The power supply of EVs is shifted to silicon carbide.
Among the electronic components of EVs, the main inverter has the greatest power and the greatest potential for improving efficiency, which is responsible for converting DC from the battery to AC at the input of the electric motor.
When it comes to electric vehicles (EVs), efficiency is paramount. There are many opportunities to improve performance, especially in the driveline, and one key area is power electronics. Among the elements based on electronics, the main inverter has the greatest power and the greatest potential for improving efficiency, which is responsible for converting direct current at the output of the battery into alternating current at the input of the electric motor. In the last few years, there has been a significant increase in the use of silicon carbide (SiC) semiconductors in EV inverters, replacing the typical insulated silicon gate bipolar transistors (Si IGBTs). The use of SiC enables the design of higher density power modules that can operate at higher temperatures, leading to new requirements for heat management and the use of new materials for EV power electronics.
Switch to SiC
Despite the higher price of SiC-based MOSFETs, their use in electric vehicle applications is already significant. According to IDTechEx research, in 2020 SiC MOSFET inverters accounted for nearly 30% of the global EV market. Tesla started this trend in 2018, and others, as exemplified by BYD, are just developing their vehicles in this technology. EV giants such as Stellantis and Hyundai are increasingly using SiC electronics in their emerging models as part of the introduction of high-voltage platforms (800 V). New IDTechEx report entitled 'Power Electronics for Electric Vehicles 2022-2032' illustrates the transition to SiC, presenting an in-depth analysis of power electronics for the EV market with examples of EV models, supply chain, packaging materials and innovation.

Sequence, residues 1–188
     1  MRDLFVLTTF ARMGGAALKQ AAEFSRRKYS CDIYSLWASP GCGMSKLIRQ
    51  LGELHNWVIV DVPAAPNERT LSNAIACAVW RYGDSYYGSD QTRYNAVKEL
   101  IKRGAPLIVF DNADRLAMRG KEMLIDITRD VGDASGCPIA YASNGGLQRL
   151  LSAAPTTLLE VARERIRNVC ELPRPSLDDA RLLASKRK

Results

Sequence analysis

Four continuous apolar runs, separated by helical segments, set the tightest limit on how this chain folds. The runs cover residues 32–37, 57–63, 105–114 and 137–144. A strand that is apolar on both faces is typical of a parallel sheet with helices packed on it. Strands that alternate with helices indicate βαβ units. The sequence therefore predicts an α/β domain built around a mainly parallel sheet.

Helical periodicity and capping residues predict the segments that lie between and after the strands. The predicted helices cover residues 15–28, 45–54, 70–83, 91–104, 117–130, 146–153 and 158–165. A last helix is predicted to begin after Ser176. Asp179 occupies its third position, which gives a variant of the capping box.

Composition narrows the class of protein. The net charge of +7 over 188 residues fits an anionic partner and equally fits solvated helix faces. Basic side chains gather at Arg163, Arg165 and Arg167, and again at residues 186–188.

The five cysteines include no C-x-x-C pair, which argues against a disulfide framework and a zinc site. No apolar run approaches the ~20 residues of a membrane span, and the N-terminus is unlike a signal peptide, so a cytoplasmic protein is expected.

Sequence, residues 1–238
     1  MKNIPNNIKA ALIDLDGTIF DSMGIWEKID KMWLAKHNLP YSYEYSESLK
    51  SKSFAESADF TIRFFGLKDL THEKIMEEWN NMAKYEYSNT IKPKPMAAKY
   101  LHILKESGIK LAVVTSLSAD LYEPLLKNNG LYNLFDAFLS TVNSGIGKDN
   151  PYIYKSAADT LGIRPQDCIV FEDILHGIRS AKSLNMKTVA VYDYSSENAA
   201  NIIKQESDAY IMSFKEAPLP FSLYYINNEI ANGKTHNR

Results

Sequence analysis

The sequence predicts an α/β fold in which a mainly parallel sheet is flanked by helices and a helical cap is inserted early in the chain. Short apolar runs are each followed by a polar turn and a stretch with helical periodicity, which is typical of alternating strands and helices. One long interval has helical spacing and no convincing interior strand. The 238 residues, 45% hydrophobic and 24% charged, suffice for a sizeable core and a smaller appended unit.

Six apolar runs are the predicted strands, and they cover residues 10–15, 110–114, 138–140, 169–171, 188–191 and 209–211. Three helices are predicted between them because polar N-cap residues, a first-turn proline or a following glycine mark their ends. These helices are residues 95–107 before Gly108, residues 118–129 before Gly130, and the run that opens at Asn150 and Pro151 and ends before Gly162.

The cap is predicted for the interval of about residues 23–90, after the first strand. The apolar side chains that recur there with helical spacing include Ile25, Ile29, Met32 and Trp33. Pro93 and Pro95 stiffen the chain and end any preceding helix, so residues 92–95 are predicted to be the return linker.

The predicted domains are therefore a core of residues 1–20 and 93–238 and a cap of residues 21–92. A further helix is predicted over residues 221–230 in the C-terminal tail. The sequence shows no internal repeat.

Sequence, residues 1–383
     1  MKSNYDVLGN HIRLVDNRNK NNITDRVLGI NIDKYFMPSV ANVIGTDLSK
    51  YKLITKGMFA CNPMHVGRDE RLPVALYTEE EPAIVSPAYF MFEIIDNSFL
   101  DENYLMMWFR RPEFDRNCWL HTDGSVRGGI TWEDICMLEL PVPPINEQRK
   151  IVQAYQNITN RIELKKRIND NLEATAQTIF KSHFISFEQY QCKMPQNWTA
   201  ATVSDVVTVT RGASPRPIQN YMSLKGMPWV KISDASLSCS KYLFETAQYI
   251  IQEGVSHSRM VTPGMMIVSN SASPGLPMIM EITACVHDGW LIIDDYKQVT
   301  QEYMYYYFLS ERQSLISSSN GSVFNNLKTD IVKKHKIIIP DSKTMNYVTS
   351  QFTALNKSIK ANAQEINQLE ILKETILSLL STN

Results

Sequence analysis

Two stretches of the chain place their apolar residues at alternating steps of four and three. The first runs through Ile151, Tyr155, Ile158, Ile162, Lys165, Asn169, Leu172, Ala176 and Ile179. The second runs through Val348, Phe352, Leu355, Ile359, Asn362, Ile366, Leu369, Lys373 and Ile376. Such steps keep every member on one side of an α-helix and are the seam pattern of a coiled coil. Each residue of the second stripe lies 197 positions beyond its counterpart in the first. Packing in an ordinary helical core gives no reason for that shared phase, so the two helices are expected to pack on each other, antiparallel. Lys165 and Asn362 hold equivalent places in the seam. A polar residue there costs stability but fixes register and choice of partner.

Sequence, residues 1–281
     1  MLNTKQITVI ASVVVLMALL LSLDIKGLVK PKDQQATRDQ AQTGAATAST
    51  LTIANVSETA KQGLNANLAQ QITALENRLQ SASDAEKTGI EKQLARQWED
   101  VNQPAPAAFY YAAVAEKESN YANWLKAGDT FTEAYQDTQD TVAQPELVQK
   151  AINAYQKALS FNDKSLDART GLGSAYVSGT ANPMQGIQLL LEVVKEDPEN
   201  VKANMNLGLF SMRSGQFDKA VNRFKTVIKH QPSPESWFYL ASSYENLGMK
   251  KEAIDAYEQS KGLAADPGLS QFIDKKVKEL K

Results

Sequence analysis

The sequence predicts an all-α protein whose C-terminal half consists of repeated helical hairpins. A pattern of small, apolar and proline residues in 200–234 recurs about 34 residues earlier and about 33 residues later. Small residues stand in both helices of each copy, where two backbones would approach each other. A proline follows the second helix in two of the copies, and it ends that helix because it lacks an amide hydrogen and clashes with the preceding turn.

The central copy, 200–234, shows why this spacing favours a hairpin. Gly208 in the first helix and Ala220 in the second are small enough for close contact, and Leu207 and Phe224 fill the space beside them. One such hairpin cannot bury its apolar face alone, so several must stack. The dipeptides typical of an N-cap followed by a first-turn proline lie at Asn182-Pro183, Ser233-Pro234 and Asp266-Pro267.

Temperature management challenges
Power electronics in electric vehicles pose significant challenges in terms of temperature management, and the use of SiC changes several aspects of module and housing design and influences the choice of materials. In a traditional power electronics package, there are several potential points of failure during thermal cycling. As the packet heats up and cools down, differences in thermal expansion between materials degrade various connections, including wire connections, attaching semiconductor structures, and attaching the substrate. In SiC packages, the power density and operating temperature can be significantly increased, which means that some traditional options are not suitable.
Figure 1: Traditional power electronics package with potential thermal failure points (marked in red). Source: © IDTechEx 'Electric vehicle heat management 2021-2031'.
Currently, aluminum wire is the dominant connection technology, but such connection is also a frequent cause of failure. This led to greater use of joining wires from aluminum alloys, copper and even lead. Semiconductor fastening materials are also essential: this is usually done with traditional solder, but at higher operating temperatures (especially with SiC), the standard SAC (tin-silver-copper) alloy can be unreliable leading to alternatives emerging. such as silver sintering, providing much better thermal cycle performance. The Tesla package from STMicroelectronics uses a combination of copper band bonds and silver sintering aluminum wire ties to fix the die. IdTechEx forecasts further dissemination of these options in inverter designs, which is to ensure higher reliability and reliability in smaller housings.
Very often, the EV power electronics are liquid-cooled, where the coolant flows through the heat sink fins under the module. While this method of managing the temperature of the power electronics may not be as innovative as the new materials used in the battery pack itself, it still offers interesting possibilities for integration throughout the vehicle. Many vehicles use the same coolant path through the power electronics and electric motor. For example, on some models, waste heat can be extracted from the drivetrain to heat the cab, helping to reduce losses and improve the overall range of the vehicle, especially in cold weather.